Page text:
Year 1992
12,500 Feet


Sar Pass (1992) : My first trek with my parents! (Top L to R )Mom, Dad, Sister (Down L to R) Cousin and I
Nag Tibba (2015) ! My First Trek with hubby and Kids (then aged 7 & 9)

My parents introduced my sister and me to trekking when trekking wasn’t a phenomenon as it is today. At least, it wasn’t in Raipur, now the capital city of the state of Chhattisgarh, India.

There definitely wasn’t any Facebook or Instagram to show off your latest feat on feet but of course there was “Chai par Charcha” aur charcho mein “Photo Album ka silsila” !!

There was no escaping the long – detailed description that my dad gave to each one who dared to visit us after our family weekend getaways to nearby jungles or trips around the country. I am like my father just little different… I do the same thing albeit on social media, sitting at my desk in my pyjamas !!

Nagaru (Sar Pass in 1992) (12,500 ft)

This BlogPost is in the loving memory of my father and his love for nature!


When my parents went on their first trek, they were both 47 years old!! On this trek organized by YHAI, they were the oldest in the group.

TIP No.1 :

You don’t need to say goodbye to your dreams of hiking/trekking when you have kids!  Rather it is a great way to combine quality family time with exploration and appreciation of nature.


Just before the Sar pass trek, I remember my parents checking up the dictionary to see how exactly a ‘Rucksack'(rʌksak) is pronounced! We were that novice and naive! The only Rucksacks we could afford then were available on rent with the NCC cadre.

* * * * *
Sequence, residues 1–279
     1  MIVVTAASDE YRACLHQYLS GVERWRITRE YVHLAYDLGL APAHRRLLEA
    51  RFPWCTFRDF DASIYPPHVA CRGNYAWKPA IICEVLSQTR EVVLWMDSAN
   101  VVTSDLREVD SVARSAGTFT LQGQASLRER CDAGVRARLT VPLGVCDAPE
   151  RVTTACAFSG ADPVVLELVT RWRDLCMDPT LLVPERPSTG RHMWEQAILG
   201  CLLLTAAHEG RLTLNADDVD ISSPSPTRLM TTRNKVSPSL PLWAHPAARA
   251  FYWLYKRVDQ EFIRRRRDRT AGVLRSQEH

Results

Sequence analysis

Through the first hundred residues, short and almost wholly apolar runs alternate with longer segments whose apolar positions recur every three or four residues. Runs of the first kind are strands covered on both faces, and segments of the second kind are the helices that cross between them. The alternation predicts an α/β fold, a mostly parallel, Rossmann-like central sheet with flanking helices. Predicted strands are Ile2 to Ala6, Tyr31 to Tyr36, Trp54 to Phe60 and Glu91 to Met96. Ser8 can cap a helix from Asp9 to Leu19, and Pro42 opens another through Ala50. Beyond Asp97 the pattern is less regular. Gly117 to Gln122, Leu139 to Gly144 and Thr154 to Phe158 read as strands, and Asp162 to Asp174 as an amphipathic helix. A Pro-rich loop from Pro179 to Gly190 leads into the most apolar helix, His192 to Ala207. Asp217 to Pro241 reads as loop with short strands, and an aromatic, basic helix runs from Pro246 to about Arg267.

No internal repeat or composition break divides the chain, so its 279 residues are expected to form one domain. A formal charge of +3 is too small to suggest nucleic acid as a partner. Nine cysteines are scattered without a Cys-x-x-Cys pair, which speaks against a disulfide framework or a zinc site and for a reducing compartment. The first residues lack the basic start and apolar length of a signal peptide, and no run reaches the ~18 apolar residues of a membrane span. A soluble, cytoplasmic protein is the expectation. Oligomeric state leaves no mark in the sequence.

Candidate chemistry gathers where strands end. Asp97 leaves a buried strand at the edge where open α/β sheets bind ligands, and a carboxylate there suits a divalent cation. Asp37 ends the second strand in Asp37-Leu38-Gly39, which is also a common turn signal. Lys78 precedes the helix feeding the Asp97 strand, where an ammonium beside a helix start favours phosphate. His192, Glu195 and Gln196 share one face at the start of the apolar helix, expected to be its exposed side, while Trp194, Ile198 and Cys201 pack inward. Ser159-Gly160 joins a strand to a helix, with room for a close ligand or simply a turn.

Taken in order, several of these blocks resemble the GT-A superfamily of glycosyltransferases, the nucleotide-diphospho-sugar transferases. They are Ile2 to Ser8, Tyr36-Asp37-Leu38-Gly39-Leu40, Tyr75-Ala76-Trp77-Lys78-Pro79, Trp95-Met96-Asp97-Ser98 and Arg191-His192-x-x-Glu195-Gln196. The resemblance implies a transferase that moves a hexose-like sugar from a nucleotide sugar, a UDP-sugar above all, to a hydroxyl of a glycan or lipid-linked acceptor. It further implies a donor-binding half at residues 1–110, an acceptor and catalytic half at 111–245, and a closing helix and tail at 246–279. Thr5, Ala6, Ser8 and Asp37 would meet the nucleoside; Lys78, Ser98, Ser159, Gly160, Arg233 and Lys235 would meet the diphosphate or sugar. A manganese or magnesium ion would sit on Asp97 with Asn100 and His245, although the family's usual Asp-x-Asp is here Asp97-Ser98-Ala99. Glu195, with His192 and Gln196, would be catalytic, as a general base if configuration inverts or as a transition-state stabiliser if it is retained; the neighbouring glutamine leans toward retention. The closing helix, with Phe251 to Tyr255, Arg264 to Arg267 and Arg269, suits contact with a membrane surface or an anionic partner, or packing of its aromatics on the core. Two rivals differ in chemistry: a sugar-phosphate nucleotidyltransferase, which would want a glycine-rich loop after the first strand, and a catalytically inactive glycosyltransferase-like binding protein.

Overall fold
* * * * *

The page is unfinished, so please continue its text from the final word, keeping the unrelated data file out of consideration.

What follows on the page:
My parents on their first trek at the age of 47!!

Trekking shoes and pants were bought in Manali (India) and we were all set for our maiden adventure.

TIP No.2: Gradually introduce your child to trekking: From a very early age, our parents took us to small excursions or rather walks lasting few hours. They were as simple as going to a temple and driving back without us !! My sister and I would shriek and run and laugh our hearts out when we could finally catch up with the snail pace moving Fiat that my dad owned!!


As we grew older, our such wild escapades grew longer, suiting our stamina. From walks to the temple, to long nature walks, our parents gradually took us on longer walks on Forts of Maharashtra.

Arjun Majumdar, gives a detailed write up on gradually introducing children to trekking and it can be read here

TIP No.3 :Pack patience and flexibility : While spiderman’s uncle Ben would say, “With power comes great responsibility”, I would say, “With Children comes Even Greater Responsibility !!” You will have a heavier pack on your back and a pair of tiny, less strong, legs walking alongside! Put yourself in their boots (not literally of-course, Duh!), take a deep breath and carry on!! Have patience when they stop to ask questions for they may be seeing their first Buzzard or poop shaped slug.


Let the plan be flexible. Spider webs, dew drops, a poop shaped Slug, scribbling on rocks – there’s so much of the natural world for kids to discover and examine!

Mr. Poopy Slug !!

Absolutely anything or everything can distract them, thereby slowing you down. But it is this sense of wonder and joy in their eyes, which makes it all so worthwhile.


TIP No.4 : Route and Pace : Which route you choose and what pace you take will depend on the stamina and sportiness of your youngest. For starters, choose the easy ones specially trails with features that interest kids like lakes, ponds, waterfalls, view of snow capped mountain to name a few. Play it safe and plan the trek with enough breaks , stopping by mid-afternoon and reaching the camp site while it’s still bright.